The book of Job is named after the central character and speaker. The narrative deals with a man who lost everything and the subsequent discussions he had about the reason for his suffering. God alone had the final word and eventually restored all that Job had lost.
CIRCUMSTANCES OF WRITING
AUTHOR: The author of Job is unknown, but he was a learned man whose knowledge embraced the heavens (22:12; 38:32–33) and earth (26:7–8; 28:9–11; 37:11, 16). His knowledge touched on foreign lands (28:16, 19), various products (6:19), and human professions (7:6; 9:26; 18:8–10; 28:1–11). He was familiar with plants (14:7–9) and animals (4:10–11; 38:39–39:30; 40:15–41:34). He was a wise man, familiar with traditional wisdom (6:5–6; 17:5; 28:12, 28), but was above all a man of spiritual sensitivity (1:1, 5, 8; 2:3; 14:14–15; 16:11–21; 19:23–27; 23:10; 34:26–28; 40:1–5; 42:1–6). He was doubtless an Israelite as confirmed by his frequent use of God’s covenant name (Yahweh).
BACKGROUND: The story of Job is set in the patriarchal period. In that era wealth consisted of the possession of cattle and servants. Like other Old Testament patriarchal family heads, Job performed priestly duties, including offering sacrifices for his family. Like the patriarchs, Job lived to be more than a hundred years old. Geographically, the action took place in the northern Arabian Peninsula, in the land of Uz (1:1), often associated with Edom. Job’s three friends also had Edomite or southern associations, as did the young Elihu (see notes at 2:11; 32:2–3).
Although Job is set in the patriarchal period, its date of writing is unknown. Jewish tradition places the authorship of Job in the time of Moses.
CONTRIBUTION TO THE BIBLE
The book of Job teaches that suffering comes to everyone, the righteous and unrighteous alike. God does not always keep the righteous from danger or suffering. Ultimately God controls all of life’s situations, including limiting the power of Satan. God’s comfort and strength are always available to the trusting soul.
Although the book of Job does take note of the problem of suffering, it focuses more on the nature of human conduct before a sovereign and holy God. In harmony with the rest of Scripture, the book teaches that even a consistent practice of religion is insufficient without a genuine heart relationship with God (Dt 6:4–6; Ps 86:11–12; Mt 22:37). The answer to life’s problems and goals lies in a proper reverence for him who is perfect in all his being and actions. Man needs not just to confess God but to surrender everything to him. By letting him truly be God in every area of life, a person will find him sufficient.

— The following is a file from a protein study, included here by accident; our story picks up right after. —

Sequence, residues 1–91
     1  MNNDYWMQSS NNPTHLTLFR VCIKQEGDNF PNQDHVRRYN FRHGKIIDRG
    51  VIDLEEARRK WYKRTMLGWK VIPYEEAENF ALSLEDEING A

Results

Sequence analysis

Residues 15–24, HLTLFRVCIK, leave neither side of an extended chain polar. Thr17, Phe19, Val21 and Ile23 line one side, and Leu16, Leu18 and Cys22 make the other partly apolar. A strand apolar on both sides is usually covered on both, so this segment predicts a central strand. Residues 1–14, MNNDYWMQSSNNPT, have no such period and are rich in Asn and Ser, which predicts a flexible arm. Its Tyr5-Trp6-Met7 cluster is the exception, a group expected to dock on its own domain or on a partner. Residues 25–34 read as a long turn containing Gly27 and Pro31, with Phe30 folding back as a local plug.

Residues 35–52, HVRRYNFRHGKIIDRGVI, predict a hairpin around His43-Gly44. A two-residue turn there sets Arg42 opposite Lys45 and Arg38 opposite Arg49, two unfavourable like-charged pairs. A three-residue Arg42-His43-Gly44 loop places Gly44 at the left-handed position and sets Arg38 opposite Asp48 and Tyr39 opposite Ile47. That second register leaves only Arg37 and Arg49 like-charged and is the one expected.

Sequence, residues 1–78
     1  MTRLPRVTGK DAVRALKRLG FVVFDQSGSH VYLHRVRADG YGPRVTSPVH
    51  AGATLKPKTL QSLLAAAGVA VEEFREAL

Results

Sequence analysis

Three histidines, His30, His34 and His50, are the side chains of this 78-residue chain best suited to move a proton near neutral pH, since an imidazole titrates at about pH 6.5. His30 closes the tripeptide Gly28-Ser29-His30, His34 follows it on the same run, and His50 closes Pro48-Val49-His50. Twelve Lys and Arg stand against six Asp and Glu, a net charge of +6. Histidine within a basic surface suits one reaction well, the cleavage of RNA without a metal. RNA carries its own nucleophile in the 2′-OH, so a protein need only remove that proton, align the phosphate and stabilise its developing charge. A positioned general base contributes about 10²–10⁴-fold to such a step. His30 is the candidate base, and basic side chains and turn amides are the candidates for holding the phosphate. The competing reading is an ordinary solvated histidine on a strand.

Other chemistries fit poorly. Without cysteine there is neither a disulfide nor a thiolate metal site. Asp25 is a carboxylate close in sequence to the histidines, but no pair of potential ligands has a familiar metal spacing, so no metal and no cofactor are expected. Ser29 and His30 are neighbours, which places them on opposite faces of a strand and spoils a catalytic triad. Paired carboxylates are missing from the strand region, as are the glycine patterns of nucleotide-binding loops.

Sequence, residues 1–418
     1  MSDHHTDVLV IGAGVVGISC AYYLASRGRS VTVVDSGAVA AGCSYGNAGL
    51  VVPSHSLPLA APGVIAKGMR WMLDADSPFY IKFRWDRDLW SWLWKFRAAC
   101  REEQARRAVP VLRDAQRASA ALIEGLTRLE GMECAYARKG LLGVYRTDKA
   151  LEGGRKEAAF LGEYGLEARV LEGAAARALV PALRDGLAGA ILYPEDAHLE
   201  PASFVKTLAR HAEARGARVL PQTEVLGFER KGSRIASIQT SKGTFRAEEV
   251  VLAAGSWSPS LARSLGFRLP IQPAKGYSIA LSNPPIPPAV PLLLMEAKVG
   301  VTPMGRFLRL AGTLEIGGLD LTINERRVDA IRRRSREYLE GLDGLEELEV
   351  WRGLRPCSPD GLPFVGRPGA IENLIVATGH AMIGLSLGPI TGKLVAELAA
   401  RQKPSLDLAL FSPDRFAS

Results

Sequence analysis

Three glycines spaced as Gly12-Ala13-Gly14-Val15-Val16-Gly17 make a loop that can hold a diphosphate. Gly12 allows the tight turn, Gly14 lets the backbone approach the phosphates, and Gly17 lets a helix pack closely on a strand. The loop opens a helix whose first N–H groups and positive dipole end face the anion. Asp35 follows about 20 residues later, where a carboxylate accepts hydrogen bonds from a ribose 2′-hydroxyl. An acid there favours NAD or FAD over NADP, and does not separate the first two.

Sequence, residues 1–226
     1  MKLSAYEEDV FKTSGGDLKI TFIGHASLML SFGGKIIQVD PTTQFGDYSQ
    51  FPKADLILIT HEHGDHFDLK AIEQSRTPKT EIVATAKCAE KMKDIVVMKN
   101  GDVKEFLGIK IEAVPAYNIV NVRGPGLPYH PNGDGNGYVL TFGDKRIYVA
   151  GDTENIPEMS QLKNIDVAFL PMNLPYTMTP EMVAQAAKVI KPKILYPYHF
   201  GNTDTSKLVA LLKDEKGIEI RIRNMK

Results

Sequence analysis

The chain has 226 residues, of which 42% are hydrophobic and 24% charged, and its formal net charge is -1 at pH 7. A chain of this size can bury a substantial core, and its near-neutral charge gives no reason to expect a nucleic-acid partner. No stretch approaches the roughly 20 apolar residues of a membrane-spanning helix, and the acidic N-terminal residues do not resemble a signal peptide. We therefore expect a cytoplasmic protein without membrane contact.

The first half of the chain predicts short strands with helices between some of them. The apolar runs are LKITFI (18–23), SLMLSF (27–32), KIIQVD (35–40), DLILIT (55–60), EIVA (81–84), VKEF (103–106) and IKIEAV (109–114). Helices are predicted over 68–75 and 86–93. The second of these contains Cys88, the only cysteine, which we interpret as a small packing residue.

The writer was a skilled storyteller, artistically characterizing the distinctions between the protagonist (Job), antagonist (Satan), and literary foils (the three friends and Elihu). The characterization demonstrates that God himself is the ultimate protagonist (or “hero”) of the story. Satan was as much challenging God as Job’s piety. Although Job’s three “comforters” applied traditional wisdom to Job’s situation, each did it in a different way. Eliphaz, the rationalist, reasoned with Job (15:17–18); Bildad, the apologist, sought to defend God (25:1–6); and Zophar acted much like a prosecutor (11:1–6). The youthful Elihu served as a mediating influence in order to prepare for the divine speeches that follow (33:23–26). The writer constructed a well-developed plot built around dramatic dialogue. The fact that he related the account of Job’s test in story form does not mean that Job was not a real person who underwent a real test.
Holman Bible Publishers, CSB Disciple’s Study Bible: Notes (Nashville, TN: Holman Bible Publishers, 2017), 735.